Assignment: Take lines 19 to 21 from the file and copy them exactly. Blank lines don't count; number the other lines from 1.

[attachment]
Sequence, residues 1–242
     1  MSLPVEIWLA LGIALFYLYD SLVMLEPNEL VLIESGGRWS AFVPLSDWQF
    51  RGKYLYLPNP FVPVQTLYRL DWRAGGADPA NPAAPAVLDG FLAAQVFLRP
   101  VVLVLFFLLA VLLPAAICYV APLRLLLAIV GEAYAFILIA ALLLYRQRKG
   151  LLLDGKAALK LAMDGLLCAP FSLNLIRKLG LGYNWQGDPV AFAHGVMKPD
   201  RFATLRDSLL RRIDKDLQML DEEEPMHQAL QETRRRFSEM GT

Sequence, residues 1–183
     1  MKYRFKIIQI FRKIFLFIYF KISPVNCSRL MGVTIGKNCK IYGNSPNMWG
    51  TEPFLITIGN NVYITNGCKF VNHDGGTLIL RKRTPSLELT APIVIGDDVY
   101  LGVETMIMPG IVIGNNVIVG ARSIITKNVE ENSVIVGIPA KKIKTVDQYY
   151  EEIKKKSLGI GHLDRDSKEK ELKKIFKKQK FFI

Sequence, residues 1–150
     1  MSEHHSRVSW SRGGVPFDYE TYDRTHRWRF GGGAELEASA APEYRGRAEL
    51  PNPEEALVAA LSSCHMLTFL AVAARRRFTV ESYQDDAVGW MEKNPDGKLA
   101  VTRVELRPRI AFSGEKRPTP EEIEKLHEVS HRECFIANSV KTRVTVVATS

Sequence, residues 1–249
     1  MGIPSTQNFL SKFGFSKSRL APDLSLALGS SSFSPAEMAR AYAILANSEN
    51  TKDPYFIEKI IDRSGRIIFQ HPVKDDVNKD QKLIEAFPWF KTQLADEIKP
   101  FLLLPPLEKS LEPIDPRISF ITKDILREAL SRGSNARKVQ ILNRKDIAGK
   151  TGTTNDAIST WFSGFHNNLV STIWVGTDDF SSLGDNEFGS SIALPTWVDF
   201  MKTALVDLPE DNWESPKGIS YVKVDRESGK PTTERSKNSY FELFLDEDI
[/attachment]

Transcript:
   101  FLLLPPLEKS LEPIDPRISF ITKDILREAL SRGSNARKVQ ILNRKDIAGK
   151  TGTTNDAIST WFSGFHNNLV STIWVGTDDF SSLGDNEFGS SIALPTWVDF
   201  MKTALVDLPE DNWESPKGIS YVKVDRESGK PTTERSKNSY FELFLDEDI